Scott Albrecht and the Duality of Perspective
This month, Brooklyn-based artist Scott Albrecht is premiering his show Lessons in Perspective at Paradigm Gallery in Philadelphia, featuring a collection of works on paper, woodworks and sculptures. Lessons in Perspective showcases Albrecht’s most recent body of work sharing a concentrated collection that builds off of his graphic and abstracted styles. Scott’s work continues to find a balance in forms through his bright and bold use of color and shape that is grounded in his use of abstracted typography.
Largely inspired by his reflections on recent events, Lessons in Perspective focusses on the duality of perspective in situations and the need for empathetic resolve. Coming out of a very turbulent 2016, Scott became increasingly interested the divisions among people and the way in which people engaged one another. To Scott, it wasn’t the issues themselves that gave pause, but the way they were discussed and the lack of empathy to one another’s point of view that only seemed to sharpen the edges of conversation and further distance any resolution. Taking notice from these situations, the works within the exhibition reflect on these situations in varying stages of acceptance and action.
The works within this exhibition revolve around a duality in meaning meant to echo the idea of varied perspectives—sometimes both literally as well as visually. You can see this theme emerge in varying ways throughout the works. In one series, two opposing ideas are overlaid on top of one another leaving the end result to be an illegible mix of shapes and forms from both words – the idea being similar to two ideas equally competing for attention but no single idea is able to come through. This can be seen in the “Fear / Love” and “Want / Need” works.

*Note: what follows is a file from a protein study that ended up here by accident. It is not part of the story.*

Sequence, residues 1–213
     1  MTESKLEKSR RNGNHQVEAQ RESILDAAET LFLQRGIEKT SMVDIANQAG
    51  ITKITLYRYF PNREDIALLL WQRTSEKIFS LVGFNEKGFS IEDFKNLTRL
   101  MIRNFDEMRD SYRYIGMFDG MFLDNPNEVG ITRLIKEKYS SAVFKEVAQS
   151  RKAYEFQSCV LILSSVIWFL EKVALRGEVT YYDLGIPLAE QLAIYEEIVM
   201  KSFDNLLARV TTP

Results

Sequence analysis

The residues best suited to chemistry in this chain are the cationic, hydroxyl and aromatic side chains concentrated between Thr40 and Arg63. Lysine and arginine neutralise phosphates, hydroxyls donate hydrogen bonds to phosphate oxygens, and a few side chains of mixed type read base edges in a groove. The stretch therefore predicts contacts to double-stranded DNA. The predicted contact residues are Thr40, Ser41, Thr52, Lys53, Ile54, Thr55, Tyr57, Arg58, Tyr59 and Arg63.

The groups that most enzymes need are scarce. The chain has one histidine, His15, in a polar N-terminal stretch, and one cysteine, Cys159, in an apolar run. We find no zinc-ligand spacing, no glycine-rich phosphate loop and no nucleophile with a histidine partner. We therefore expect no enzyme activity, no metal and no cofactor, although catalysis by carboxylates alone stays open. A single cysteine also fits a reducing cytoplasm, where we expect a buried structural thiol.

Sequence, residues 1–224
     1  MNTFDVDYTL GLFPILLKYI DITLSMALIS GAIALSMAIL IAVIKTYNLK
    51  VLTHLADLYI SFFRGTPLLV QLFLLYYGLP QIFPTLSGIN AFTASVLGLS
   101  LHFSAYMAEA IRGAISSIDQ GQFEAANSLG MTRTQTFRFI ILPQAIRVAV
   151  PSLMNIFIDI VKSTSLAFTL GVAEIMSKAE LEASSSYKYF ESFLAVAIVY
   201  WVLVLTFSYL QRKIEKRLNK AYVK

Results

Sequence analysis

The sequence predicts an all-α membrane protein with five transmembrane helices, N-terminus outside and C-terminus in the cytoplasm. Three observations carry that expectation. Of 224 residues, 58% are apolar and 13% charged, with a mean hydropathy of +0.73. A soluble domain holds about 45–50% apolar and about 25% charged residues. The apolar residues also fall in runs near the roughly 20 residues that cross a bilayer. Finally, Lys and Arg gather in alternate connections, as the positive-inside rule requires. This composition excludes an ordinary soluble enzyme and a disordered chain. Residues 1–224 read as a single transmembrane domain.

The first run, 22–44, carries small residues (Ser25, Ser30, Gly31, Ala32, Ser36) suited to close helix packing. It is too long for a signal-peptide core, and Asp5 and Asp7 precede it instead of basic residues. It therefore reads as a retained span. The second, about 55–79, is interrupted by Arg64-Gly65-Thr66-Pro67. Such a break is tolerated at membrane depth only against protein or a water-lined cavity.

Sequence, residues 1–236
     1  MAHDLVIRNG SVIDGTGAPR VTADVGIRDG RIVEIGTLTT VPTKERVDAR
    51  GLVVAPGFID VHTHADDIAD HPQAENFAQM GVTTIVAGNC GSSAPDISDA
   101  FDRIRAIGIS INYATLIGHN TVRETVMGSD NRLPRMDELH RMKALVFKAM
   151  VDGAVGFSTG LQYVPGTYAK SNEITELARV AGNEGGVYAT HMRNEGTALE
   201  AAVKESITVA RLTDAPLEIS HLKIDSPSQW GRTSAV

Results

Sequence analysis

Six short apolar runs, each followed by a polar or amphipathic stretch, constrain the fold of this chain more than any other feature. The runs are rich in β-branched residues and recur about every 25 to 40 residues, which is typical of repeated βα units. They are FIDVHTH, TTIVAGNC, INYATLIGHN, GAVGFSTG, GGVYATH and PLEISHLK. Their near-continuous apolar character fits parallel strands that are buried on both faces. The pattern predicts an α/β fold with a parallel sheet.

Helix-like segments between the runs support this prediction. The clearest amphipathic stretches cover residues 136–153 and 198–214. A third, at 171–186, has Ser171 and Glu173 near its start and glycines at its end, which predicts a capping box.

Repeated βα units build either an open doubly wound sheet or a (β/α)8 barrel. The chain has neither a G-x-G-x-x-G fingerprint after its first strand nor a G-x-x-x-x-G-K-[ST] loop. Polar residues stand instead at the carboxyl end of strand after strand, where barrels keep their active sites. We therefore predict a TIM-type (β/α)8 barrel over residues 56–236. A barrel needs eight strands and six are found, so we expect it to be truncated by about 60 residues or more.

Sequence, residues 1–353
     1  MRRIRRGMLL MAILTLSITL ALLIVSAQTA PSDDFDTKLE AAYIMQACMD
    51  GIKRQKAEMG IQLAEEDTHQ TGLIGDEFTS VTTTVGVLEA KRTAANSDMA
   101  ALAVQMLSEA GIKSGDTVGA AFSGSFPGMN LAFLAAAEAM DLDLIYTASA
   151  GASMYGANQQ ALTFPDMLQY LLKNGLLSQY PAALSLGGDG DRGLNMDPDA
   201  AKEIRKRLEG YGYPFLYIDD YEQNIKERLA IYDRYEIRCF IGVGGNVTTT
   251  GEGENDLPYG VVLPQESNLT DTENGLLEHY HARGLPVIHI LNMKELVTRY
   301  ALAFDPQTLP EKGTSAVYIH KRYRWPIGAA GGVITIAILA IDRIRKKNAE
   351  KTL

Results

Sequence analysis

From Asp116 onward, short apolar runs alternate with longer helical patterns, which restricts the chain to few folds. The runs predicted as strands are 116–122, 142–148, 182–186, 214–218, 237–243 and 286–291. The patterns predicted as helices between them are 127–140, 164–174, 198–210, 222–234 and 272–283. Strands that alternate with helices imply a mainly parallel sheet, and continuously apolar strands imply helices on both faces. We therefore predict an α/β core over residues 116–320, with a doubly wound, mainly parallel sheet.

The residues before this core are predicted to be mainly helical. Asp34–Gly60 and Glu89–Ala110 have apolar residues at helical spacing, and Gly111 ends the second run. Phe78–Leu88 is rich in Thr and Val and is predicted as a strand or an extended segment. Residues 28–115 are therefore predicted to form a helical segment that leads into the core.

While language is a focal point in Scott’s work, he’s traded in the speed of legibility in an attempt to pause the viewer to consider his motivations both visually as well literally. Writer and New York Times editor Robb Todd wrote “He does not want viewers to simply read the words and walk away. He wants engagement — for the viewer to spend time with the pieces and appreciate the forms and shapes that create the message.” Similarly, artist Shepard Fairey noted "Scott Albrecht in his art finds the elegant tension between the bold and sublime. His abstraction and deconstruction of type forms combined with his sophisticated color theory and surface treatments yield artworks that are immediate, yet command a deeper and closer look."
Scott’s wood work is the result of a meticulous and lengthy process. Starting from a hand-rendered drawing these works are often the result of hours of process and production being made up of dozens, sometimes hundreds of individual pieces that are cut, sanded, painted and re-assembled often in varied depths.